1. Start by getting intel on the ground through bribery, intimidation, coercion, and threat of exposure – just like the CIA. In fact the CIA would be perfect for this job. Find out who directly organizes and profits from child labor.

      2. Then start naming and shaming. Stop playing nice with these guys. These government and industry leaders (gangsters and thugs to be more accurate) deserve neither our respect nor our silence.

      3. Continue to name companies like Apple and Microsoft that indirectly benefit from these commodities. It’s an uncomfortable spotlight to be in, which should prompt them to take action. These companies have vast resources and may be able to influence their suppliers to change their ways.

      4. Bombard these offending dictatorships with radio and TV broadcasts naming these individuals. Use these broadcasts to educate the population about human rights, democracy, and the rule of law while including popular entertainment programming to keep them tuned in.

      5. Institute government bans on all trade in these commodities with these regimes until they can demonstrate proof that child labor is no longer used.

      6. If all else fails then remove these fowl individuals from the scene. Make them disappear without a trace. Special forces can do it. Nasty and controversial I know. But other thugs will soon get the message scurry away.

      1. OK. That last one was a bit extreme and I’m not really advocating it. All I meant to say is that many of these gangsters and thugs will not go easily. Without the implied threat of force it may not be possible to completely wipe out child labor.

          1. You are making a way to stop child exploitation by not doing business with a criminal government, sound so awful.

            My point was, if you can’t solve the problem, internationally, you take your business elsewhere, like home.

            I think, people have to want to be whatever it is you ask of them. You have to be willing to walk away for you to have any impact.

            But I guess it’s not that easy.

  2. I thought Amnesty International was an organization that had something to do with political prisoners and the such. Have they lost their mandate and started picking up loose issues along the way to keep pumping money from their benefactors?

    I am all against child labour even though I washed dishes at a restaurant more than 8 hours a day 5 or 6 days a week when I was 13 while still going to high school and pulling in A’s and B’s.

  3. If Apple is using so are Tesla, Samsung and everyone else. US allows child labor on farms. I was 6 y.o. and making 5 cents an hour in 1950 and 15 years making 50 cents and hour in 1958 and don’t regret a minute of it.

  4. I note that Amnesty’s report show the potential Congo Dongfang Mining supply chain, which may or may not be the same as the actual supply chain.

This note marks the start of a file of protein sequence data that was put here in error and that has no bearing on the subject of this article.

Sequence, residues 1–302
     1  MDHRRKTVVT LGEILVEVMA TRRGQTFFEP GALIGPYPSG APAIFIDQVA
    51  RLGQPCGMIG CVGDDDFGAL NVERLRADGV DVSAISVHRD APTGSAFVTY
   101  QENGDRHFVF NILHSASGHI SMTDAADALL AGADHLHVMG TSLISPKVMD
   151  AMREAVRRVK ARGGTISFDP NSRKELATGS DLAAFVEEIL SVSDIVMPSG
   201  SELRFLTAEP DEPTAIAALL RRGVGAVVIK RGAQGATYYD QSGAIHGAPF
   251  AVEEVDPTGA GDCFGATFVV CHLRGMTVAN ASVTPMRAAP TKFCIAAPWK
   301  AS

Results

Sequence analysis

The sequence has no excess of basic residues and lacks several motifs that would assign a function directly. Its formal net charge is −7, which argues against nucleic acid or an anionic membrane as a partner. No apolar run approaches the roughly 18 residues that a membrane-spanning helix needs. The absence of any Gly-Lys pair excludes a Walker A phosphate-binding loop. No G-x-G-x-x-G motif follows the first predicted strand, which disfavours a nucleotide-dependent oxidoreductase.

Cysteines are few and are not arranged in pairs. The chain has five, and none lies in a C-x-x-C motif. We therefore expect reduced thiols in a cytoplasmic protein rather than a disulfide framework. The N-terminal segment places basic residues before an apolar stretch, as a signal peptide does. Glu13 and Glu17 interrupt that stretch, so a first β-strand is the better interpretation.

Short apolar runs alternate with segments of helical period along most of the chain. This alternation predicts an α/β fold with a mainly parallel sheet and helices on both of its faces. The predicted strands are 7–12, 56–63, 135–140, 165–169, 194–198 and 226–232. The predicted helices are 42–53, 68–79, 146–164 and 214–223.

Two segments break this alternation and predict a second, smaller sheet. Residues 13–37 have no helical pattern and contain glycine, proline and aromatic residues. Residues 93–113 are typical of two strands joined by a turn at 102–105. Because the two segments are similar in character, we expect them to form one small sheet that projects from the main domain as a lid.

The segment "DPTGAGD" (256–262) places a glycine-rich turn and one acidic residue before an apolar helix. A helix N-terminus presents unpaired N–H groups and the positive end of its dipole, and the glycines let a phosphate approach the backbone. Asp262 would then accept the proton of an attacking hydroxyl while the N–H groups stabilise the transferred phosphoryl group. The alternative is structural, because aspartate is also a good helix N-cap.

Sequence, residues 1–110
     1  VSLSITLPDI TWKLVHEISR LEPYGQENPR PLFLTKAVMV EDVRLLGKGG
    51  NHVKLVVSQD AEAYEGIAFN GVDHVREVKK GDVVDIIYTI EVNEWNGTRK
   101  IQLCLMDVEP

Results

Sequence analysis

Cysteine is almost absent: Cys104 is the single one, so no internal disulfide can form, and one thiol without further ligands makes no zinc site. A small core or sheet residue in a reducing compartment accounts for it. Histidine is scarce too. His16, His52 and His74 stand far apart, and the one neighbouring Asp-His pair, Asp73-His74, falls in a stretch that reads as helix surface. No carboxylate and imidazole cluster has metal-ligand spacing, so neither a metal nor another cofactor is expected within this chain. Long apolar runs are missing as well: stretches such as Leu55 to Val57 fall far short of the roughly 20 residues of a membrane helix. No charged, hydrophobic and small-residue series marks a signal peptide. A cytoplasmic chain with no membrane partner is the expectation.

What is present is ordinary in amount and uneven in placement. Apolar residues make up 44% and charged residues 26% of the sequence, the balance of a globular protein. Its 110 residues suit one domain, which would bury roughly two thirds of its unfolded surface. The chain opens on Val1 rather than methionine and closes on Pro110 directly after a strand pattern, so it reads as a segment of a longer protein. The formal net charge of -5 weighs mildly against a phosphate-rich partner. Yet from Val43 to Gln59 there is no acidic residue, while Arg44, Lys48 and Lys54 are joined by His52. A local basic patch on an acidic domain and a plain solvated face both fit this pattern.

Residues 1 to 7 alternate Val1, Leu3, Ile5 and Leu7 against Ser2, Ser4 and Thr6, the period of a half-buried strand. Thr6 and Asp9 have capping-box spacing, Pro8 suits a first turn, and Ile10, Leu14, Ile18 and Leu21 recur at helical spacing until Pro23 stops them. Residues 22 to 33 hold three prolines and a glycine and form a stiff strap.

As usual in reports of this nature, they ensure that Apple is prominently mentioned, but the details about Apple’s possible involvement seem rather scarce. They show a link through three suppliers from Apple back to CDM, but do any other companies supply cobalt to these companies or is their entire supply solely from CDM?

    If Amnesty have reliable evidence linking Apple to cobalt mined by child labour, then I have no doubt that Apple will put a stop to it, but I see nothing in their report other than a vague implication.

  5. Although I see the point on child labor, I am also one to see beyound major corporations as the sole user of child labor. I will agree with various levels of destructive practices that harm both child and adult is unacceptable. However, Amestiy International must also be willfully using child labor to obtain this information. If in any way they use or have used someone, method, or equipment to obtain these results without checking it supply chain to ensure no child labor was used in association- are they not also responsible to ensure complete separation and accountability? I would like to see there accountability report on all venues and equipment, including batteries, that helped obtain this data.
    Then again, realistic, accountability by any entities is impossible even by the most well intentioned angles. Thus, I would have to say they also used child labor to whether they intended to or not and should supply proof in compliance from within there organization and solicite outside source(s) to ensure strict coherence. Then again, I would expect them to say they had no intent in doing so or it is cost prohibitive to do or that is is impossible to verify all information. That would be my single point- you can not verify all information in such a diverse and global manufacturing environment.

  6. Children in third world nations suffer more than children in first world nations. Often, these children must work to support their families to alleviate the burdensome effects of poverty and government corruption. Who is Amnesty International to stop these children from helping their families? What has Amnesty International done to reform government practices, halt corruption, and provide charitable relief. Nothing, that’s what.